Sounds super simple, doesn’t it? Well, yes, but simple does not necessarily equate with speedy. The skirt in question is this one which I fit into my sewing queue as part of a group project in Susan Khalje’s new subscription sewing club.
Susan provided the pattern to all the members, and the choice of which view to use (if one chose to participate; no pressure in this club, only support!) was entirely up to each individual.
I chose the view with the waistband sitting right at the waist (View A), and decided to use a lovely, soft piece of vintage wool I found recently. As Susan provided video support for each step of the skirt, and answered questions online, I slowly worked through each component while working on my other projects at the same time.
Some of the members in the group have gotten very creative with their renderings of the skirt, but I chose just to keep it simple. I had already used this pattern once when I made my guipure lace skirt last year, but I tweaked the fit again and am now much happier with it. (And now I have a go-to skirt pattern.) One fitting tip that Susan shared was to make sure those side seams are exactly perpendicular to the floor. If they sway to the front or back, then adjustments need to be made.
The wool I used for my skirt was very lightweight, enough so that I determined the lining fabric should be as close in color as possible. Luckily I had a piece of silk crepe de chine in my “linings” box which matched perfectly. (I love it when things like this happen!)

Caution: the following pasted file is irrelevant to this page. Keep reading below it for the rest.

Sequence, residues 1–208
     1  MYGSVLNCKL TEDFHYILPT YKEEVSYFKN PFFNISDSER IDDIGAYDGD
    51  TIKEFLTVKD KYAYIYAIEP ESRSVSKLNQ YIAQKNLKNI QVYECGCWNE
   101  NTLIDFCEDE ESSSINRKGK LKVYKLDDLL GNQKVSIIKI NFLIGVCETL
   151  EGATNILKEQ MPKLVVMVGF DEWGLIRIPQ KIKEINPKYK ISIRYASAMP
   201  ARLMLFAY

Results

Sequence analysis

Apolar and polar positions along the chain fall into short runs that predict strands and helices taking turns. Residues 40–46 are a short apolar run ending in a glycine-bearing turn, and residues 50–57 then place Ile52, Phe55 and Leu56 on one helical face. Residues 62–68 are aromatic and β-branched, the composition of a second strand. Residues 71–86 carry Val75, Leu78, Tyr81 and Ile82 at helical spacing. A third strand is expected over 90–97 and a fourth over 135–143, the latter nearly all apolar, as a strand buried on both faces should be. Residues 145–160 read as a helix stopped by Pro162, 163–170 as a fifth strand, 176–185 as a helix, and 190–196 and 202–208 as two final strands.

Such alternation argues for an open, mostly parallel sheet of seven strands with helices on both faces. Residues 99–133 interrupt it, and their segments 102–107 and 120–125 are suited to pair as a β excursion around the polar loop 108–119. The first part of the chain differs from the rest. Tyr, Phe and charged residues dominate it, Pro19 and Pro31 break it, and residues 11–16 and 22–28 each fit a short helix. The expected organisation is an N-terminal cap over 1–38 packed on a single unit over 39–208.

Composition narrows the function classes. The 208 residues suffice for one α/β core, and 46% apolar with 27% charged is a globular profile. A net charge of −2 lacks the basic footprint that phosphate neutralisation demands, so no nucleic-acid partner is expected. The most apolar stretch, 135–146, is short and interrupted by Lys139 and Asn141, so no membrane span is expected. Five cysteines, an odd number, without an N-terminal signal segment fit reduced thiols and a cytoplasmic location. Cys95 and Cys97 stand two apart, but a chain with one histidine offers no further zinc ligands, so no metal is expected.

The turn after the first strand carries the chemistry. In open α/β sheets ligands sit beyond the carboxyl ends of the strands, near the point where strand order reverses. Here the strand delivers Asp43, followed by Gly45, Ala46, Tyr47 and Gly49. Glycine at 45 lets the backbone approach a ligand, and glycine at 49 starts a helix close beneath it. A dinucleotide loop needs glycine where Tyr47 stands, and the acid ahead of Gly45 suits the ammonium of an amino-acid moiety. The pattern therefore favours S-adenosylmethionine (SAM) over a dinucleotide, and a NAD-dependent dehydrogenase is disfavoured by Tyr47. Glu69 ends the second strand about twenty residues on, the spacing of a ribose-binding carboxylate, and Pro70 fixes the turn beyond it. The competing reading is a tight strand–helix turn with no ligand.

I hand-picked a lapped zipper into the center back seam, and this small detail adds just a touch of class, in my opinion.
Even though my wool’s lightweight quality would have lent itself to a simple “all-in-one” waistband, I prefer not to have wool up against my bare middle, or my middle, clothed with just a layer of camisole silk between it and the waistband. So – I made a two-piece waistband with a facing out of the lining silk. Inserted into the band is a piece of Petersham ribbon, giving it support and shape.
The back slit of the skirt is angled in about a quarter inch on both sides, so that it hangs and wears with less of a separation.
Not too much else to say about this simple skirt, except that it was a very satisfying little project.
Actually there is one more thing to say – about straight skirts in general. They take very little fabric for most people – often a scant yard in a wide-width wool will suffice. Will there be more straight skirts in my future? Oh, yes. In fact, I already have a wool tartan remnant waiting for early 2019. But there is much to sew before then… not all of it so simple as this!